School supporters, who have just relaunched their organization (formerly the PTSA) as Friends of Roxhill Elementary, met this week to talk about the playground aspirations and to get inspiration and advice from local parents/advocates who have already helmed playground projects.
Right now, the EC Hughes playground (as shown in our top photo) is mostly asphalt – all too common at older schools, and not an optimal use of the space. Read More
(Bald eagle, photographed by Mark Wangerin)
Highlights of what’s ahead today/tonight:
CAKE LINGERIE MATERNITY PARTY: 11 am-4 pm at the new Junction storefront of Nurturing Expressions (WSB sponsor), come see the new collections Cake Maternity has created for pregnant and breastfeeding women. Discounts and freebies, too. (4727 44th SW)
CITY COUNCIL INCOME-TAX HEARING: Downtown at City Hall, with 4:30 pm signups to speak, 5 pm hearing continuing until everyone’s been heard from:
City Council’s Finance Committee will host a public hearing this evening on the proposal for an income tax on high-income residents, co-sponsored by Councilmembers Lisa Herbold (District 1, West Seattle and South Park) and Kshama Sawant (District 3, Central Seattle). There will be a brief overview presentation of the legislation at the top of the meeting.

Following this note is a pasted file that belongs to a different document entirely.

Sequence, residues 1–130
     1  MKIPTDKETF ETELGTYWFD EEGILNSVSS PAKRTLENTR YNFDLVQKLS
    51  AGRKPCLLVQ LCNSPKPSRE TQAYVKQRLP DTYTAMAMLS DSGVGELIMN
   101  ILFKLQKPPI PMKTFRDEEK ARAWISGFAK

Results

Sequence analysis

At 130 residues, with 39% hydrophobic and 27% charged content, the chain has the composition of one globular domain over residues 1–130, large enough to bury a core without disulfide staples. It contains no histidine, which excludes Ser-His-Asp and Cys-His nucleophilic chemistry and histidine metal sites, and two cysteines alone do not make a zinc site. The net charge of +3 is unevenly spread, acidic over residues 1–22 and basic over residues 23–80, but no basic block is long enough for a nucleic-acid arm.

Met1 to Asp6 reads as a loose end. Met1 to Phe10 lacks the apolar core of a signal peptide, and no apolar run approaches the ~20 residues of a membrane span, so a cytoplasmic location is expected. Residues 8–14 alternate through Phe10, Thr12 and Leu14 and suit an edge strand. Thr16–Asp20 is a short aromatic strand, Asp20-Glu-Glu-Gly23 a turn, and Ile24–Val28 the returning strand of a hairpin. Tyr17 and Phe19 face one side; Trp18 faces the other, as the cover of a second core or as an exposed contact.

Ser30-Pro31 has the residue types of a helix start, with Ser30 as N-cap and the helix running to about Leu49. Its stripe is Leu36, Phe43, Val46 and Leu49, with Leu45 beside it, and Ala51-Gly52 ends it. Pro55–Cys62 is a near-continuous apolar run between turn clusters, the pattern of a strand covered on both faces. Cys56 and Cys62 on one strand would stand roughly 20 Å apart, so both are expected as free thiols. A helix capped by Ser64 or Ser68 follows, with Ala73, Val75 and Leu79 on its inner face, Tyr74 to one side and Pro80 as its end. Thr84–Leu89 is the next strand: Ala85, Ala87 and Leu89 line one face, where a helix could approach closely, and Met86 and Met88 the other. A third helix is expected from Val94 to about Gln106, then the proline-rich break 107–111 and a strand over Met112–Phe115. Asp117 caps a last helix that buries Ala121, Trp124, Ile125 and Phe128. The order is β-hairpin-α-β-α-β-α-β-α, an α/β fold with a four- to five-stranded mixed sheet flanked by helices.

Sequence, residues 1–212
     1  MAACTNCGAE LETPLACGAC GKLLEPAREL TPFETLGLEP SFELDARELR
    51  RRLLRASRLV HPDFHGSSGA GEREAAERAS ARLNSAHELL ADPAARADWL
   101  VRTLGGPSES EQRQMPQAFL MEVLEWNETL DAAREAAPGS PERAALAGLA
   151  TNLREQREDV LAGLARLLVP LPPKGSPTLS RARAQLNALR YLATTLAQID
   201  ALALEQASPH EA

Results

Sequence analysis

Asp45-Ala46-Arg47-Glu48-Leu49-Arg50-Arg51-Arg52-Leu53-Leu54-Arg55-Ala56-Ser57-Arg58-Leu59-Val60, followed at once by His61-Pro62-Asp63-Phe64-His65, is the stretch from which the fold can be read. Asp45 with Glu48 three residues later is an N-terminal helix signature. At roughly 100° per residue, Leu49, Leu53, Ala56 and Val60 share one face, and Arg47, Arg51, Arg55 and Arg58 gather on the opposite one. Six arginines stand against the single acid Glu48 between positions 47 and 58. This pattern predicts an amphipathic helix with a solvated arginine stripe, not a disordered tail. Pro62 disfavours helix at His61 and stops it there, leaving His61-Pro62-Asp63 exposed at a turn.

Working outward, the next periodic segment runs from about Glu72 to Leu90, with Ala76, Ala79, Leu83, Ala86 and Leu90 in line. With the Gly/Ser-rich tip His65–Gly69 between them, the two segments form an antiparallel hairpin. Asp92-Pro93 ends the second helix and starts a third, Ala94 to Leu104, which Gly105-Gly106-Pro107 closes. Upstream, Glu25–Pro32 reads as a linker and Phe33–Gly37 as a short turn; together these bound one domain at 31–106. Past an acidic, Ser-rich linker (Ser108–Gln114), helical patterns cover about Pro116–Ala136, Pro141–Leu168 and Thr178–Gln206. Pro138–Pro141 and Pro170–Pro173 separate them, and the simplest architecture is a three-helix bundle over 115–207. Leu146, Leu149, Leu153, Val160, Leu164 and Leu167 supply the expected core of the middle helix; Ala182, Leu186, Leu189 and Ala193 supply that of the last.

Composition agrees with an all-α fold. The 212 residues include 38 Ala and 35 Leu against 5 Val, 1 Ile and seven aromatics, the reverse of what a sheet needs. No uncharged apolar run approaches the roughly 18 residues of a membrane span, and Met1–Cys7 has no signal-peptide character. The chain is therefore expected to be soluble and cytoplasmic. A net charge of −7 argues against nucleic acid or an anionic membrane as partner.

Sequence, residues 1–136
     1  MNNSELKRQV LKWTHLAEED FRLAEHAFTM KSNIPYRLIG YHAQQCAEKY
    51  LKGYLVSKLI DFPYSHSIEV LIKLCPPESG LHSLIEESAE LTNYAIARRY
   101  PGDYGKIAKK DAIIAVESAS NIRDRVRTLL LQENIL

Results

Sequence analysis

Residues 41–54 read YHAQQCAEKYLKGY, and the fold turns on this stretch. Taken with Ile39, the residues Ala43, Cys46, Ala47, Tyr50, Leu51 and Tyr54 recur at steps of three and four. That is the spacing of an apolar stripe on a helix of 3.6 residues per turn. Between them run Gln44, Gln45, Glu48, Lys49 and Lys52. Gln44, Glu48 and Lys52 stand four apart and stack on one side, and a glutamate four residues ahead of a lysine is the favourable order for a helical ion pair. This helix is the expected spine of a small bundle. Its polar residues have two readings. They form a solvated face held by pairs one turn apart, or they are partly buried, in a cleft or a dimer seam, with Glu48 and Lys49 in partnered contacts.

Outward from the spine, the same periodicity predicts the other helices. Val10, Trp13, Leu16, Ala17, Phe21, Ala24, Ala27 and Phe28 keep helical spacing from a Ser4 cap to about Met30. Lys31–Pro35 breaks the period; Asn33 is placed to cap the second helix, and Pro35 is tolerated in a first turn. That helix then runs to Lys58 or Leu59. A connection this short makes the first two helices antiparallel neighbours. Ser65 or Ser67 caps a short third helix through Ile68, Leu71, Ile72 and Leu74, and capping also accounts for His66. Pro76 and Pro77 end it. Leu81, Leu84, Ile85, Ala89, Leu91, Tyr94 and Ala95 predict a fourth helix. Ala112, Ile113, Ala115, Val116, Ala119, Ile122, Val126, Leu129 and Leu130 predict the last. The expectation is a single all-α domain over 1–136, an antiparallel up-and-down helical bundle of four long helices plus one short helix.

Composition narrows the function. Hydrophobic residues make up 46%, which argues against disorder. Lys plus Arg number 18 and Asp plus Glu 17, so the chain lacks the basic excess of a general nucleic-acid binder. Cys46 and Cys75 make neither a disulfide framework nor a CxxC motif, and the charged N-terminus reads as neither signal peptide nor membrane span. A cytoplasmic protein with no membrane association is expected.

The proposal would pursue a more progressive form of taxation, placing a 2 percent tax on joint filers’ income over $500,000 and individual tax filers’ income over $250,000. The estimated $125 million in new annual revenue would allow the City to lower the burden associated with property taxes and other regressive taxes, replace federal funding potentially lost through President Trump’s budget cuts, enhance public services such as housing, education, transit, and create green jobs while meeting the City’s carbon reduction goals.
The council could vote as soon as next month. (601 5th Avenue)
MAYORAL FORUM @ 34TH DEMS: 7 pm tonight at The Hall at Fauntleroy, the 34th District Democrats expect at least half a dozen of the mayoral candidates to participate in their forum, which they say might be followed by an endorsement decision. (9131 California SW)
MADISON JAZZ CONCERT: 7 pm, Madison Middle School‘s jazz musicians present their spring concert. (45th SW/SW Spokane)
THE BILLY JOE SHOW: 9 pm at Parliament Tavern, “honky tonk for the soul with Billy Joe Huels of The Dusty 45s, featuring Robin Cady, Kohen Burrill, and guitar legend Rod Cook.” No cover. 21+. (4210 SW Admiral Way)
6:59 AM: Good morning! No incidents so far in or from West Seattle.
LOOKING AHEAD: Here’s the SDOT roundup of traffic-affecting events around the city through the weekend. Note that Sunday brings the Rock ‘n’ Roll Marathon/Half Marathon, and NB Highway 99 will be closed through mid-afternoon.
It’s “Stuff the Bus” season at WestSide Baby – time for diaper drives big and small, to help families in need. On Tuesday, the WS Baby team welcomed a big diaper donation from Les Schwab Tires stores around King County – $2,500 worth of dryness and comfort for your littlest neighbors. This is their third year of in-store drives, and it’s one of more than 100 business and individual drives that will help WestSide Baby meet a goal of more than 300,000 donated diapers through June and July. Though diapers are a necessity, they’re not covered by government-aid programs, and so organizations like WS Baby step up to help the thousands of kids under three years old living in poverty in King County. You can help too, by hosting a drive – here’s how.